On Friday, Edelstein spoke to MCV about the changes videogame marketing is underoing. Today, we drill into SimCity specifically for more.
What is the core of the SimCity brand?
The first thing is brand recognition, with SimCity being the franchise that really started the simulation genre back in 1989.
It was really the origin of the Maxis brand.
You can almost walk up to anyone who has been around gaming at all in the last 20, 30 years, and say, “have you heard of SimCity?” and the answer is, “Yes.”
So we’re starting from a place of recognition and clarity. I think SimCity has always been about the core simulation and letting people play and poke and prod with a city, and the simulation behind it has always been about authenticity, mirroring real life. That’s been true throughout the series, and it remains true as we talk about the new one.
The last piece is the connection to the Maxis brand, the Maxis studio – the team in Emeryville. It brings a lot of passion to the people who work on it, the fan base. Lucy Bradshaw, who heads up the whole Maxis business, said that every time we’d introduce a new Sims product, [she’d be asked], “When’s a new SimCity coming out?” So that passion makes it a fun one to work on.
How do you capitalise on that recognition leading up to launch?
I think the most important thing we can do is talk to our core fans about how this is true to SimCity and [what they understand the game to be] in their heads, that we’ll be able to deliver on playing with life.
So we’ll leverage it, but we also feel a responsibility to reassure the fans that the experience will be one they enjoy, that we’re coming to it with a reverence.
I think as we talk about, and unveil new features over time, some of it will be, “Hey, if you’ve always loved SimCity you will continue to love the new one because of this.” As well as, “Here are some new features that we’ve always wanted to integrate into SimCity, but we haven’t been able to.” So the key will be our ability to communicate that we’re not introducing new things in any flippant manner, we’re doing it in a way that fits the SimCity and Maxis brand heritage, but also brings it up to date as a modern experience.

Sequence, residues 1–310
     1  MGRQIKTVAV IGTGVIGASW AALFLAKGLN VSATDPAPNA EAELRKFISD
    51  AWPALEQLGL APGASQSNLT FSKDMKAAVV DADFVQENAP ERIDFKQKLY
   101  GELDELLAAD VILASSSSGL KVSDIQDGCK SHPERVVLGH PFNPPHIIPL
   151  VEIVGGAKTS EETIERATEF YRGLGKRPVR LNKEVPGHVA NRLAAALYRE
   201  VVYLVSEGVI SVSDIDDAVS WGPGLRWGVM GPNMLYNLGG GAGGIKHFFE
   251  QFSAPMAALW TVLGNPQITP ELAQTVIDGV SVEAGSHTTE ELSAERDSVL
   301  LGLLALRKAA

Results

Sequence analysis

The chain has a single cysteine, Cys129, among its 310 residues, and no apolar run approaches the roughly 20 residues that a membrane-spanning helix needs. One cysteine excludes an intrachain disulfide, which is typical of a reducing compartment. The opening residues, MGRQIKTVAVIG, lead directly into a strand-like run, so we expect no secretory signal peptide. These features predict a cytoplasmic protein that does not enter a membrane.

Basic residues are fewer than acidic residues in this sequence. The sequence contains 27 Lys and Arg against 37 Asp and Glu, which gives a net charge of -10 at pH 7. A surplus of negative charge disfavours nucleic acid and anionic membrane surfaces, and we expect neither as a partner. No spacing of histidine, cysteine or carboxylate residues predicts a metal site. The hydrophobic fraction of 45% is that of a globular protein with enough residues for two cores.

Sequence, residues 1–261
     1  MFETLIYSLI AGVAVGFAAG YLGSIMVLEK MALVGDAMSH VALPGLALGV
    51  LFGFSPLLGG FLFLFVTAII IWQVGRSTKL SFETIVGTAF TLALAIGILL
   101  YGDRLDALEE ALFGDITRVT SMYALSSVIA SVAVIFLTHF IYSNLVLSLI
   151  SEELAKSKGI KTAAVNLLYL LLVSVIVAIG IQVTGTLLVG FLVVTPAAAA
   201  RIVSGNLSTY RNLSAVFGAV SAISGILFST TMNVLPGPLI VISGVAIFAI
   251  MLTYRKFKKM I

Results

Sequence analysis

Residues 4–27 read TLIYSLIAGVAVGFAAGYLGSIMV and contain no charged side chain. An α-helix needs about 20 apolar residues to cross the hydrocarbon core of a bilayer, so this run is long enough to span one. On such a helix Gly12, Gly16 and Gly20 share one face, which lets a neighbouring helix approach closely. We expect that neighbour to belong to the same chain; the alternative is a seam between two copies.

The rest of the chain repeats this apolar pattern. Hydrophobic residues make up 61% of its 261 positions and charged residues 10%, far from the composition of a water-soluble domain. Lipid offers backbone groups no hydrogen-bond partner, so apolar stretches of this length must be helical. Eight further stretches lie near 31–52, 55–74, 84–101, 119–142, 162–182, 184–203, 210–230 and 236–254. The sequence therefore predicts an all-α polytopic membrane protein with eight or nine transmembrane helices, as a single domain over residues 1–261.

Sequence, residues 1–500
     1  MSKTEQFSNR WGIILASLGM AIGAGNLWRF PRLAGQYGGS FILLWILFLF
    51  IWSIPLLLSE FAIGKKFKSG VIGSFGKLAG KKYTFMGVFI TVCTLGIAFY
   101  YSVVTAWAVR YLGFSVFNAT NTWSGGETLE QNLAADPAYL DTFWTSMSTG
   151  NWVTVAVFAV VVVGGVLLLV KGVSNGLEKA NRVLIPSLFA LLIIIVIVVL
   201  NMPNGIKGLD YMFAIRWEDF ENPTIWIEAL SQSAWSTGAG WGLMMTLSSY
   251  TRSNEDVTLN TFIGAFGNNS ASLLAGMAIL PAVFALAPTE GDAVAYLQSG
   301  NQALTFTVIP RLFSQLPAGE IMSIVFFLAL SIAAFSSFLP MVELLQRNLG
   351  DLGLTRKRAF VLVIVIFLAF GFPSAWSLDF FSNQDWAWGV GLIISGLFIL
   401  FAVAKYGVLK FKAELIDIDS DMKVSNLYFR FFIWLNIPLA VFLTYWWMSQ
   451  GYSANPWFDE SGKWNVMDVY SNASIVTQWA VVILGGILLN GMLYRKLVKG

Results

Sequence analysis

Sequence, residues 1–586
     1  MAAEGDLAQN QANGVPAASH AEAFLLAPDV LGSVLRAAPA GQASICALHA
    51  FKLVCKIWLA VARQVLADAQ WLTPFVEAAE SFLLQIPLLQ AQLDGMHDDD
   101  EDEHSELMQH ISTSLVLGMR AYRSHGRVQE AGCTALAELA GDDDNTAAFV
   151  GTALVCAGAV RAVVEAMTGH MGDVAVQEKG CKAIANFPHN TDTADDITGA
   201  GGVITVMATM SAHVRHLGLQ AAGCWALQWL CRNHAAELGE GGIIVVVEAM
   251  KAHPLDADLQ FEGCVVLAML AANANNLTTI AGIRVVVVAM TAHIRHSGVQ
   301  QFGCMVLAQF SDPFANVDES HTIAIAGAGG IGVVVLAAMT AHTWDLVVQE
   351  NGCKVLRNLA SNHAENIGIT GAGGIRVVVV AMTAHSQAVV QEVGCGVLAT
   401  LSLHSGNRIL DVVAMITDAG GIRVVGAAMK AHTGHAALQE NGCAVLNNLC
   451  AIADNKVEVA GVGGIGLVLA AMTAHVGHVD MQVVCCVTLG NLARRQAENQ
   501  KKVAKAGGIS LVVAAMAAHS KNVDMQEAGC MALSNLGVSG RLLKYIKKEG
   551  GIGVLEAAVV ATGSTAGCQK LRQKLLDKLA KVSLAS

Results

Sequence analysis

Was there much repair work that needed to be done on the brand to get people excited for a relaunch?
In all candour, the last SimCity that we put out as a company, SimCity Societies – which was not done by Maxis – is not a product that anyone felt really great about. So we’re definitely [aware of that].
When we announced SimCity, a number of comments were like, “don’t make it like SimCity Societies.” It was candidly fair feedback. I think we’ve gotten to the point now where we’ve shown enough of the game and a lot of the development have come out and said, “These are the guys that worked on SimCity 4, the last one everyone loved.” So dealing with that last misstep has definitely been a challenge.
I think the other one for us has been the concept of multi-city. So everything you do in SimCity has been in the context of your four walls, and I think as we initially started talking about multi-city, everyone assumed we meant multiplayer. In reality, we’re managing that back, and saying, “No, you can play all this stuff alone, you don’t have to play with other people.”
But the concept of cities impacting each other is sort of the next evolution of where it makes sense to take the franchise because cities never exist in a bubble by themselves. So I think we’ve gotten people there, we’ve explained – the development team have spoken on it, and we’ve done it in our marketing – the idea of being able to play the game alone, but multi-city being a part of the experience.
Always-on is an issue that many players and press alike have taken exception to. How are you managing that?
The key to that is really explaining why we did it.
The people who are designing the game are long-time SimCity people. Again, a lot of the SimCity 4 crew is involved. People jump to DRM, but that’s not a driving force for the development team. We’ve introduced SimCity World and the concept of a global market that impacts player cities here at Gamescom, and social features such as challenges and leaderboards so you can see how you stack up against your friends. But we’re not forcing you to play with other people, but it has benefits: there’s a broader world out there and that makes the overall simulation experience more real.
That was the impetus for the always-on decision. We’ve got betas planned to be able to test, and we’ve got learning from EA in terms of what’s worked and what hasn’t worked, and lessons learned in terms of stability of service.
We’ll pour our soul into making sure that experience is a positive one.
Thank you for your time!
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